Since very early in Puzzling's development, we've adopted a very strong principle that's become virtually universal: "if there is a hint of a notion that a puzzle might be good, we have to act as though it is." This is also not a principle that I think has been explicitly or clearly discussed. (It's also not universally true - but functionally speaking, it's pretty dang close. The only consistent exception I've seen is when someone posts a really bad code puzzle.)

However, it most certainly has come up, and often. We very frequently vote this way - but beyond that, it very frequently stops us from spotting and potentially handling low quality content. This goes further, though: it directly blends with another critical notion: "you can't know the quality of a question until it is answered."

But here's the problem: If you can't know the quality of a question until it's answered, then we always have to act as though there's a chance the question might be good. But if we assume there's a hint that the question is good, we have to act as though it is. So in all cases, we have to act as though the question is good... unless it's obviously not, at which point we downvote (or more frequently, don't vote at all), and feel super uncomfortable about our dissonant selves.

This deadlock leads to a voting culture where bad questions are frequently upvoted because they might be good, rather than because they are; it leads to a set of close reasons that must be applied retroactively; it leads to a system where we are optimizing for sand, not pearls. We're stuck trying to resolve the difference between two incompatible ideals: the principle above, and site quality.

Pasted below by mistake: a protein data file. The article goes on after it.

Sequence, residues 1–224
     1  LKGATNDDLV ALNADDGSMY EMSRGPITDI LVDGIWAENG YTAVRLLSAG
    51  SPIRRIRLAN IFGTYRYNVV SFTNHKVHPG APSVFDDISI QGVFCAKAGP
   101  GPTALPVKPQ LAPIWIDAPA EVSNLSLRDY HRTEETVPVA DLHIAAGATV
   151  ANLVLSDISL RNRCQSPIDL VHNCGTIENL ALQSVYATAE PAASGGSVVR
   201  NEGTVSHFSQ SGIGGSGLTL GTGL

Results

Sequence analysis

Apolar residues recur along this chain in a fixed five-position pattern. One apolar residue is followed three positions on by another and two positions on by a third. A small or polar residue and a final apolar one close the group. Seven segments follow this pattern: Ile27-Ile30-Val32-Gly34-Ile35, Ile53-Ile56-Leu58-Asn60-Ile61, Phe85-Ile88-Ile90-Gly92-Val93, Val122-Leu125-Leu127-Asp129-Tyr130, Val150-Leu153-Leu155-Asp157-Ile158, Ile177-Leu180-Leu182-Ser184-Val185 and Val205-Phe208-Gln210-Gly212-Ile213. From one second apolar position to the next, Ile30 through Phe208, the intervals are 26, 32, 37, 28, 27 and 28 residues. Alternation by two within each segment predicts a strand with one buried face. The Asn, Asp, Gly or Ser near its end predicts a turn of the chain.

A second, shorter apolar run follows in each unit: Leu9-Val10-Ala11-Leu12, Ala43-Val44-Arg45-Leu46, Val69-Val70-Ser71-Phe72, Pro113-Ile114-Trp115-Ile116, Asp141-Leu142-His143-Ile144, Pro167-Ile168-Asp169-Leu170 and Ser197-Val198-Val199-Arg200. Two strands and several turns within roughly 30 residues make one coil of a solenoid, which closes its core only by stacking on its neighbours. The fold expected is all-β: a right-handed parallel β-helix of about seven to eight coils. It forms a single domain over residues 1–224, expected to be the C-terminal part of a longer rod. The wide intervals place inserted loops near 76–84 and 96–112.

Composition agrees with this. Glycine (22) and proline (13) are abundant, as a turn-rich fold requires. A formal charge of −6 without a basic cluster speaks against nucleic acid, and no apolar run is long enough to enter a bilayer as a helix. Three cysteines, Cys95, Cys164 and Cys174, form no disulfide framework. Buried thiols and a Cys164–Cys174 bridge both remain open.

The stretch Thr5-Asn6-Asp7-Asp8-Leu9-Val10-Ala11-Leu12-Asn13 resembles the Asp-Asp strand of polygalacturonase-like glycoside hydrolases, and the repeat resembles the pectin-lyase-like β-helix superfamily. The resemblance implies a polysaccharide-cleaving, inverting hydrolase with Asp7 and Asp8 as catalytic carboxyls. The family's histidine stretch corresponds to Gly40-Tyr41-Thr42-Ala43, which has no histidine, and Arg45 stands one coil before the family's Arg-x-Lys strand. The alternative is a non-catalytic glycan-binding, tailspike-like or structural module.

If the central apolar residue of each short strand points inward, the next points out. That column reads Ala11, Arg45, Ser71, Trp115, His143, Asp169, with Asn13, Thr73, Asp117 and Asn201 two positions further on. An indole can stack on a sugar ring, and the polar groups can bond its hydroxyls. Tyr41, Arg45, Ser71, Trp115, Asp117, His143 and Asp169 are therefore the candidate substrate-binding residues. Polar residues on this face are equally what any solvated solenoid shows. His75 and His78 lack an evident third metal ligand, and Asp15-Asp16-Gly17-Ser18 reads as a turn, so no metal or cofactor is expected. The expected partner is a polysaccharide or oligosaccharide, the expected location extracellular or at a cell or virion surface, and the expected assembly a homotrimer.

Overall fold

The tools we're given on Stack Exchange work best when they're applied before a question is answered. There's a window of opportunity between when a question is posted and when it starts to generate responses, and past that window, what we do has extremely diminishing returns.

I've been pondering this issue very frequently recently, because it seems that at every turn, when anyone proposes something to improve site quality on Puzzling, we run facefirst into this deadlock.

I want to open a discussion on the way we talk about site standards, because I think the way we're doing it right now is ultimately self-defeating. The reality is, we have a lot of information on what makes a good question. We're graduated - and besides, take a look at our active users page.

So let's be honest: often, we really can read a question, and know if it's a good one, without knowing the answer. We should, at this point, be able to say "sure, this question might be good, but nearly all similar cases I remember have been bad." I want these cases to feel actionable, either through votes, or close votes. And in my honest opinion, that can't happen without changing the way we think and speak about the quality of puzzles we see here.

I'm already rambling on too long, but this is pretty important. I'd love for this to be open to discussion - including, and especially, disagreement - because at minimum, I think the discussion will be helpful going forward.

  • 3
    $\begingroup$ Extremely well written, as usual. Though I'm temped to close as "unclear what you're asking"... $\endgroup$
    – Deusovi Mod
    Aug 3, 2016 at 4:43
  • $\begingroup$ I'm new to both Puzzling and Stack Exchange as a whole. Is there some sort of mechanism that would let us set aside the work from users who are proven to produce quality content? A mini-forum where we knew the quality was good, that sort of thing. Would we want to do this even if we could? $\endgroup$
    – Topple
    Aug 3, 2016 at 4:43
  • $\begingroup$ (Moved conversation with @Topple to chat.) $\endgroup$
    – user20
    Aug 3, 2016 at 5:01
  • 2
    $\begingroup$ I remember that in past (rarely), a question would be quickly downvoted/closed, and the author would post a comment saying something along the lines of, "I know this looks like a bad question, but wait till you see the answer!" In some cases the question was restored, and in some cases it turned out to be true. But I agree that the burden of proof should be on the puzzle author, instead of requiring the community to "prove" that a puzzle is bad. $\endgroup$ Aug 3, 2016 at 13:44